Nov 222013
 

The Birthplace

Heaney and his wife are at Upper Bockhampton near Dorchester paying their respect to the spirit of English novelist and poet Thomas Hardy (1840-1928). The 3-poem sequence explores associations with the poet and his birthplace.

 

Heaney recalled the experienceslipping in en passant a reference to the significance of ‘station’ in a collection that includes the word in its title:The trees around the place, the thatched roof, the small rooms, all reminded me of Mossbawn. But that wasn’t the only reason I wrote it; there was also the fact that Hardy’s novels and poems were so much part of me by the time I got there. In fact, the grave in Stinsford churchyard and the house in Upper Bockharnpton are literary ‘stations’ I keep going back to(DOD p252).

I

Heaney describes the place where Hardy worked and rested; the frugality of his first-floor work-space reflects the modest circumstances Heaney would have known in Mossbawn and Glanmore: The deal table where he wrote, so small and plain. Hardy’s commitment to his writing eschewed his wife’s company, his single bed a dream of discipline reflecting the single-minded schedule he imposed upon himself.

Downstairs the original flagged kitchen illuminated by dust-speckled mote-slants/ of thick light, tranquil, trustworthy guardian of the ghost life Hardy carried in his head with no need to invent.

Outside high trees around the house moving in winds that blew at the same pace as Victorian rural life: as slow as a cart/ coming late from market, the sound making little impact on a man not much given to fun: the stir a fiddle could make in his reluctant heart.

  • deal: cheap, modest wood, say pine;
  • flagged: a floor composed of slabs of stone;
  • motes: tiny particles in the air visible under bright light;
  • three triplets in three sentences; lines based on ten syllables;
  • punctuated lines accompany the movement of the eye; enjambed lines open a flow of reaction to what is observed;
  • a single rhyme but no scheme;
  • the use of simple adjectives that reflect a life-style give way to a recreation of the past using personification of the wind; the wind’s speed likened to the unhurried pace of nineteenth century transport;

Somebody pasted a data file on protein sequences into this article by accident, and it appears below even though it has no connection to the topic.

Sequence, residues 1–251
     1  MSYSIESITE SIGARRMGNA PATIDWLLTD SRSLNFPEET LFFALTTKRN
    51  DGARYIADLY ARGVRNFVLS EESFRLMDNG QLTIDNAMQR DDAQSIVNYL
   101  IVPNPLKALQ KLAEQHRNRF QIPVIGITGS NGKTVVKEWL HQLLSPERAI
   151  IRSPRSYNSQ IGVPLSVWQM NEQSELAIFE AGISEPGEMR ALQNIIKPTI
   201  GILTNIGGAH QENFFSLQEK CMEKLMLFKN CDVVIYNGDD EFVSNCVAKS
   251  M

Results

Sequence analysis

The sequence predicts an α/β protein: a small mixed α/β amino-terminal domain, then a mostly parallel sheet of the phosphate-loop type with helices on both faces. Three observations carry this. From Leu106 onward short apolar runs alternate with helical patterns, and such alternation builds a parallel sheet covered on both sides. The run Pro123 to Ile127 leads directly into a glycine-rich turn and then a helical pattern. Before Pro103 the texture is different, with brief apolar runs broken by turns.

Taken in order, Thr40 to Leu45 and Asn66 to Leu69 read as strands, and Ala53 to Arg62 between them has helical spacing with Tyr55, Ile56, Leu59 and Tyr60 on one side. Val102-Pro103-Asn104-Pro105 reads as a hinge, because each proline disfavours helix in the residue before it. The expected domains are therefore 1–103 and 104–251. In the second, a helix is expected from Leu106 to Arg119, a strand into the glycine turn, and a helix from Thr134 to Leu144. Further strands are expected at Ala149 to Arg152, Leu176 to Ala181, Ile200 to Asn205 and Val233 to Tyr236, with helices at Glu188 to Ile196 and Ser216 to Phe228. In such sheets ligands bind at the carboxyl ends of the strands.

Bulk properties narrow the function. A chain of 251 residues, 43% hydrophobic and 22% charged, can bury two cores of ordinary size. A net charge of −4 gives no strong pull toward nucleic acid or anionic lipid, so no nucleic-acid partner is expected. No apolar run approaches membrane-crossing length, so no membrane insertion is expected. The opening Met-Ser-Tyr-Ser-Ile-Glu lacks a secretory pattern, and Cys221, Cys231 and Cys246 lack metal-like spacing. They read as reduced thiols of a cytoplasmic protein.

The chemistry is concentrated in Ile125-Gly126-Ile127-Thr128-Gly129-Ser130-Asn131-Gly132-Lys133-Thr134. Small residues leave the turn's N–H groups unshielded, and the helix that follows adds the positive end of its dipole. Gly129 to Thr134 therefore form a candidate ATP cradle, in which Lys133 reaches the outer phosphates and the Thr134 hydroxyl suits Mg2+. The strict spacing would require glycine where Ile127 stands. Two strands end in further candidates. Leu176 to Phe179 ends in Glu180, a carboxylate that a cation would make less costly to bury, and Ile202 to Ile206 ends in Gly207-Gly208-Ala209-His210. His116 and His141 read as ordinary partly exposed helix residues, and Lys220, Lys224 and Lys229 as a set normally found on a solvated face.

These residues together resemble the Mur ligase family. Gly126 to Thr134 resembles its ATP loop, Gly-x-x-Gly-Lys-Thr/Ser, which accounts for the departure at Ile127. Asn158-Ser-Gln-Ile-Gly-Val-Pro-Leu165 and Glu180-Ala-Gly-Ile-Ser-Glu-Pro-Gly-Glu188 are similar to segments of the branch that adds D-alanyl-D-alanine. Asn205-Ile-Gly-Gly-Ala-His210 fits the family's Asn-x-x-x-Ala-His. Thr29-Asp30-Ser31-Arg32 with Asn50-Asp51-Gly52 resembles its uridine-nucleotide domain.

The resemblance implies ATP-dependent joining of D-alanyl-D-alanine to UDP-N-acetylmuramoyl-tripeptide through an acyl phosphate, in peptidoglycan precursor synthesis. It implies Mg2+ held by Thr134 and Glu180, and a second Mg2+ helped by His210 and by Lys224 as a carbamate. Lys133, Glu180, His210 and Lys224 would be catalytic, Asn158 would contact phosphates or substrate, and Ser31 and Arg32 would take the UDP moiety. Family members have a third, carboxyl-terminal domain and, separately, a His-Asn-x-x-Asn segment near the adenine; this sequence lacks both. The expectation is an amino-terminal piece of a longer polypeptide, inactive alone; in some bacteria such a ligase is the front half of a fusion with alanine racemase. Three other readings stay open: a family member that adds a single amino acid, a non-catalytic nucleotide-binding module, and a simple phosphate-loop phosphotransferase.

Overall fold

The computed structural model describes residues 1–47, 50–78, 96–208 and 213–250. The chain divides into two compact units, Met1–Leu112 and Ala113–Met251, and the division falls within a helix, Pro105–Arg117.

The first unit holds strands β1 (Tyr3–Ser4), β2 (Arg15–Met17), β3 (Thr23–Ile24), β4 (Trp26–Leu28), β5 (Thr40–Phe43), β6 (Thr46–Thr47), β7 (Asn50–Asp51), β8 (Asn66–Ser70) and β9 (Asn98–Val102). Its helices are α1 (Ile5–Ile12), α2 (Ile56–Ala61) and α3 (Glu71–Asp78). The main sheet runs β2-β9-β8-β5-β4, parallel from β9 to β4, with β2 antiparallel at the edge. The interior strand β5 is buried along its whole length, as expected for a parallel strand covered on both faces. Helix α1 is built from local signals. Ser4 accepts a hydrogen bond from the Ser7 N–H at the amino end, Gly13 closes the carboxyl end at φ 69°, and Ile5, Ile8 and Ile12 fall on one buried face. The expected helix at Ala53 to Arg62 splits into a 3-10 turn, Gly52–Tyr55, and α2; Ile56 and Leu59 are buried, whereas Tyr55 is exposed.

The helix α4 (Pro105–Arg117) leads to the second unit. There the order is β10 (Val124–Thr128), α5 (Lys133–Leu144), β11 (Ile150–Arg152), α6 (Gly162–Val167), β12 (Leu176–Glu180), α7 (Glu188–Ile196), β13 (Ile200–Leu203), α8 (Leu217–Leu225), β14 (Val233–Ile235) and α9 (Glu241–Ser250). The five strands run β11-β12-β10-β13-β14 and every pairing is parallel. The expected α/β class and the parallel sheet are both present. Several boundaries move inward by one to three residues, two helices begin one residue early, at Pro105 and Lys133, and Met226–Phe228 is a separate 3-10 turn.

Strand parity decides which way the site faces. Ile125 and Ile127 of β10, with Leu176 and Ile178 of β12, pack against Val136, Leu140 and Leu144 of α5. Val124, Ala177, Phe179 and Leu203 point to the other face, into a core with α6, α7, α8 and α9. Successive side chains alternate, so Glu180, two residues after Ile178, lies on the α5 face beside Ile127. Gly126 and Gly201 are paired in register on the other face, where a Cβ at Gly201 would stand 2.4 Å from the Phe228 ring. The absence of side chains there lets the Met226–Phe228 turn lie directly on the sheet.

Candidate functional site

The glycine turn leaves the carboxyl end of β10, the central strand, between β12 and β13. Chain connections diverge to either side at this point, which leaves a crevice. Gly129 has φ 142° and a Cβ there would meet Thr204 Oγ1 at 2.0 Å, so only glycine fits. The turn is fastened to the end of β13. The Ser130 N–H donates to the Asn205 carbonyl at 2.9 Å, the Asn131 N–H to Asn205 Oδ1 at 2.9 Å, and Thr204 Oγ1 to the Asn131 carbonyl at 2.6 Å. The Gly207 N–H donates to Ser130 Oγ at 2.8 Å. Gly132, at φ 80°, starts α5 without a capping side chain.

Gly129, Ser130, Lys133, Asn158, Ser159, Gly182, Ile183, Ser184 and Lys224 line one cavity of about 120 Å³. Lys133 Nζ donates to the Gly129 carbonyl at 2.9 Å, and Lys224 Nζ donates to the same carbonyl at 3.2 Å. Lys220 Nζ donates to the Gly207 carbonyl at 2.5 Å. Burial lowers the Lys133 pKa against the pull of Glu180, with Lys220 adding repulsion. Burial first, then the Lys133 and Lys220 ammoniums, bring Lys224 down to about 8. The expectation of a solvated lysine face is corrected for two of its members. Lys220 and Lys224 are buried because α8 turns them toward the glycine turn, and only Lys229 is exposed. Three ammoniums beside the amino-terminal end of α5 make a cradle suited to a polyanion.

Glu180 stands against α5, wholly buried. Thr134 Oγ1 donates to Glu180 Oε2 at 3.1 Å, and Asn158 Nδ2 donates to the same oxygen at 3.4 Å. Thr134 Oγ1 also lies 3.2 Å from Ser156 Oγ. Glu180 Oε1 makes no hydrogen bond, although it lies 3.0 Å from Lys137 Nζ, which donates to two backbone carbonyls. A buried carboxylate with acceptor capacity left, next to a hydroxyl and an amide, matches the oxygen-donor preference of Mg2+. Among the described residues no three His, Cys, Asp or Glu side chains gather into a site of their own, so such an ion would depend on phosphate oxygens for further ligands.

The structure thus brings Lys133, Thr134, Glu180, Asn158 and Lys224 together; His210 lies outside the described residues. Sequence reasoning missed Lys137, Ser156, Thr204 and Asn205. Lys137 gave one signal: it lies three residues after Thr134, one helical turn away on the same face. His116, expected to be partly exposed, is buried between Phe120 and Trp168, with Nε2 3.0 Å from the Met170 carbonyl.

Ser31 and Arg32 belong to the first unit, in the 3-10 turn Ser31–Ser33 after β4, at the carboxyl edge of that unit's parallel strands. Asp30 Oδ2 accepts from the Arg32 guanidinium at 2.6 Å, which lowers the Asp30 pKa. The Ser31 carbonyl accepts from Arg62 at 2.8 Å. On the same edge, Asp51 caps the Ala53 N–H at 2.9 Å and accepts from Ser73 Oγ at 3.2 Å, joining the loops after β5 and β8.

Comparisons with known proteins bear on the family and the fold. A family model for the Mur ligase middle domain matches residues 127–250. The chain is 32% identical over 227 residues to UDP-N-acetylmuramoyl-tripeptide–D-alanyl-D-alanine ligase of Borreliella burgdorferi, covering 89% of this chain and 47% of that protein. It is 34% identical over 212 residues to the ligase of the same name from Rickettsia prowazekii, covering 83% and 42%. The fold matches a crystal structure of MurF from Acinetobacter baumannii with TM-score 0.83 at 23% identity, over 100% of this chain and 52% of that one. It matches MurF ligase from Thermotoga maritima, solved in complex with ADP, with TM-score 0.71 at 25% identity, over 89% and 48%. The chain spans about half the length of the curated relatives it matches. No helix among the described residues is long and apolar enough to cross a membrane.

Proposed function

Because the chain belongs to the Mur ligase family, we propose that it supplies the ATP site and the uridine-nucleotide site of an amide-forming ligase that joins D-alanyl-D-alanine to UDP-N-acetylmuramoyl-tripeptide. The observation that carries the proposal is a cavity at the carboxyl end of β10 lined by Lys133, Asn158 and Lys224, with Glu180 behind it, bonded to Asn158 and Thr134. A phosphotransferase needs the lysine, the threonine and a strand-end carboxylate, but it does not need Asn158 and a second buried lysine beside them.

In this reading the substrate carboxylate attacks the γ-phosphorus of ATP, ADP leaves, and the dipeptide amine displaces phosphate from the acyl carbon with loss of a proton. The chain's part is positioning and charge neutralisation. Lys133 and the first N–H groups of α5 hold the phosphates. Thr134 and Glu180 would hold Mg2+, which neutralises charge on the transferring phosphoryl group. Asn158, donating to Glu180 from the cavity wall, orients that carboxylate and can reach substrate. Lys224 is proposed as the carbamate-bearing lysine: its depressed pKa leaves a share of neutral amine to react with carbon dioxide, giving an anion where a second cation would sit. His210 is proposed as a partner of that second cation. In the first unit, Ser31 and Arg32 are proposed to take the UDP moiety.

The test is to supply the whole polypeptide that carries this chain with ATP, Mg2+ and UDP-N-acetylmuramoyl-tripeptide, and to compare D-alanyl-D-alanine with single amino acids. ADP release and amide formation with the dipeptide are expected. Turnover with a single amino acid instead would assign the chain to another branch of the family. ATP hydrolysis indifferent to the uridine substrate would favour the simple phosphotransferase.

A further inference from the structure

• the music of the poem: nine assonant strands are woven into the text; Heaney places them grouped within specific areas to create internal rhymes , or reprises them at intervals or threads them through the text:

  • alliterative effects allow pulses or beats or soothings or hissings or frictions of consonant sound to modify the assonant melodies: T1 is marked by voiced plosives: bilabial [b] and alveolar [d] alongside bi-labial nasal [m] and alveolar nasal [n];T2 reinforces front-of-mouth plosives (alveolar [t] [d]), the latter carried into S3 alongside voiceless velar plosive [k];

II

Heaney vividly recalls that on the day of the visit an ‘atmosphere’ existed between himself and his wife: like one/ of his troubled pairs (reading Hardy’s major novels will confirm that for many if not most of the Wessex couples portrayed in them the course of true love was anything but smooth).

Hardy alone could have described their and ‘our’ crisis (speechless/ until he spoke for them), shadows of their real selves, haunters of silence at noon and, despite the vibrancy of nature (a deep lane …. sexual/ with ferns and butterflies), alarmed by their mutual hostility (scared at our hurt)and oppressed by their responses and the hot oppressive weather (throat-sick, heat-struck).

Then in the damp-floored wood matters came to a head:something unforgettable, unmentionable ( ) we made an episode of ourselves before they re-emerged from the trees in a disorderly rush (broke out again like cattle / through bushes) to find themselves though soaked and angry (wet and raised)just a few yards from their destination.

  • five triplets in a single sentence; numerous enjambed lines offer almost uninterrupted flow;
  • lines of 6 or 7 syllables; no rhyme scheme;
  • the Heaneys depicted as characters from Hardy; their ‘problems’ contrast with the normality of nature in which they are misbehaving;
  • use of compound adjectives, stitching multiple ideas into the hyphenated phrase;
  • local usage: to ‘make an episode’;

 

  • the music of the poem: eleven assonant strands are woven into the text; Heaney places them grouped within specific areas to create internal rhymes , or reprises them at intervals or threads them through the text:

  • alliterative effects allow pulses or beats or soothings or hissings or frictions of consonant sound to modify the assonant melodies: T1 has paired voiceless bi-labial plosive [p] and voiced dental fricative [ð] (as in That); T2 features alveolar nasal [n], voiceless alveolar fricative [s] and voiced alveolar fricative [z]; T3 shows voiceless velar plosive [k] and labio-dental fricatives [f] [v]; T4 and T5 provide a mixture of consonants;